California's current accountability system relies on aggregated standardized test data, but misses what's most important in dropout recovery – a measurement of individual student growth. As things stand today, accountability measurements assume that students in the 10th grade should perform at the 10th-grade level. While this may seem like a reasonable assumption, the students that have dropped out of school exhibit performance levels that are far below their peers.

Educators report that recovering high school dropouts are more typically performing at an elementary school level. Schools whose focus is re-engaging dropouts will score much lower than the traditional high school on the state's standardized tests. AB 180 would allow dropout recovery high schools to report individual student growth data instead of aggregated test data that is irrelevant and misleading. This is the time for California to sharpen the tools in its tool chest to evaluate the work of dropout recovery programs.

We are not alone in this quest. The National Governors Association and a variety of educational researchers have called for the broadening state accountability systems to recognize the unique needs of dropout populations. Other states – including Texas, Florida, Delaware and Arizona – have developed alternative measures and serve as examples of states that have adopted differentiated accountability systems. These states rightly recognize that dropout recovery is a critical function of a state's education system.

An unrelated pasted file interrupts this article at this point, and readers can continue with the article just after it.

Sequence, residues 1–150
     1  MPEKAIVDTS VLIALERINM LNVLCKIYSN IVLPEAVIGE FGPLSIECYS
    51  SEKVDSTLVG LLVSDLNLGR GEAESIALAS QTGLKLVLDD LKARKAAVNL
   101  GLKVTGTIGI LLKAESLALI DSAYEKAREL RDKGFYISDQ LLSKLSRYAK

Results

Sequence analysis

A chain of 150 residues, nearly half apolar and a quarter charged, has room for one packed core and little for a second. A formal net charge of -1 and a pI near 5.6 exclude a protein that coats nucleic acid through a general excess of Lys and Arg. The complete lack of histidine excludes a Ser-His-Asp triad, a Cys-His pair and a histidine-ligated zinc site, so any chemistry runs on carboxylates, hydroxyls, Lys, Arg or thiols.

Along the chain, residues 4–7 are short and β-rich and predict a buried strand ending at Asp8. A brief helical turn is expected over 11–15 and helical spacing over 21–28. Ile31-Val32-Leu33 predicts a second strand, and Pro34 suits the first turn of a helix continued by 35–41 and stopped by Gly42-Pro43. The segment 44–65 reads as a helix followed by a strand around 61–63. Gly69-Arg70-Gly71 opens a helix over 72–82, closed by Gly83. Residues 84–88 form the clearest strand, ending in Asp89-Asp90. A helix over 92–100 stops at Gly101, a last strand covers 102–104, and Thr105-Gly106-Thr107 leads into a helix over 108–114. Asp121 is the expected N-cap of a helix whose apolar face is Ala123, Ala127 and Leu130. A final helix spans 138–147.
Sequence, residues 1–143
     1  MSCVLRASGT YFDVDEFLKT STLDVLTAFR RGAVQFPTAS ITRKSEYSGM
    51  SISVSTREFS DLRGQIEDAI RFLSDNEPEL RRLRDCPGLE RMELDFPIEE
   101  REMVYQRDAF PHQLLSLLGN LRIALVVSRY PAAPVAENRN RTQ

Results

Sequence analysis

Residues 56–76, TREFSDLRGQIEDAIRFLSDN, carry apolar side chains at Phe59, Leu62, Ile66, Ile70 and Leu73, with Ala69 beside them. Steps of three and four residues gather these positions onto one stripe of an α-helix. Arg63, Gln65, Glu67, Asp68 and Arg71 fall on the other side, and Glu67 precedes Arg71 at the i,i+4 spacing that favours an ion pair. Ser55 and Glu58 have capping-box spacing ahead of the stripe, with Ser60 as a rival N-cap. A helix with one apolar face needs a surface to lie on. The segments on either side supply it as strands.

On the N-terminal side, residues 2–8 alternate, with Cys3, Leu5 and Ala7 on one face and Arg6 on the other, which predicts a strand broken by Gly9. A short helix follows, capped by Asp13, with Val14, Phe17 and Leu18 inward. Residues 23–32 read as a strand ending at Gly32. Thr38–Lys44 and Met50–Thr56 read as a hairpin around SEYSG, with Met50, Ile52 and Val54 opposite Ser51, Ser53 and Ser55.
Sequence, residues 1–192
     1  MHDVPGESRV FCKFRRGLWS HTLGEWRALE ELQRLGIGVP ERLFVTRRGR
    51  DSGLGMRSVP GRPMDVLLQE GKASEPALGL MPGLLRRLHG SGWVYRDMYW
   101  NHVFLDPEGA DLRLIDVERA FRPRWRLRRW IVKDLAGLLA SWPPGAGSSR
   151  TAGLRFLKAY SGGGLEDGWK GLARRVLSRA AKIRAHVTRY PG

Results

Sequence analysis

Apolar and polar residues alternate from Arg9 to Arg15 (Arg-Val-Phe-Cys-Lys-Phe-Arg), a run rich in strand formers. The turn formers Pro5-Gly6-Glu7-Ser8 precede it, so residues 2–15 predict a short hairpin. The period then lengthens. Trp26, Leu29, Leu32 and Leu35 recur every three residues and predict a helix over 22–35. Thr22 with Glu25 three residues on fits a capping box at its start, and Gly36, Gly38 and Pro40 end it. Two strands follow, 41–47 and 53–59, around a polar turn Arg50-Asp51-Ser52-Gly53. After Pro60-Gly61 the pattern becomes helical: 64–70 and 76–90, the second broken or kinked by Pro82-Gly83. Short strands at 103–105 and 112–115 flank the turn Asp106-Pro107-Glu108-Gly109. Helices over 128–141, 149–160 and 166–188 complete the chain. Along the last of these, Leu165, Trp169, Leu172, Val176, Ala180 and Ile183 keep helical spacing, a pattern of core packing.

We must all recognize that re-engaging dropouts has profound economic implications for the society as well as for each individual student. The Alliance for Excellent Education has reported that if just one-half of the class of 2010's dropouts from California's six largest metropolitan areas received a high school diploma, the economic benefits to California would be fantastic: these new graduates would invest an additional $247 million a year in the economy; increase home sales by $2.94 billion; and increase annual state and local tax revenue by $129 million.

Our children are not McDonald's Happy Meals where each one is alike. A 10th-grade student reading at the fifth-grade level who raises his or her achievement by two years in one school year should be celebrated. The school that facilitated that growth should be similarly recognized as successful. A student who starts far behind and reaches a high school proficiency level in two years and who can pass the State High School Exit Exam will have a much brighter future. That is why a differentiated accountability system as provided for by AB 180 makes sense in California.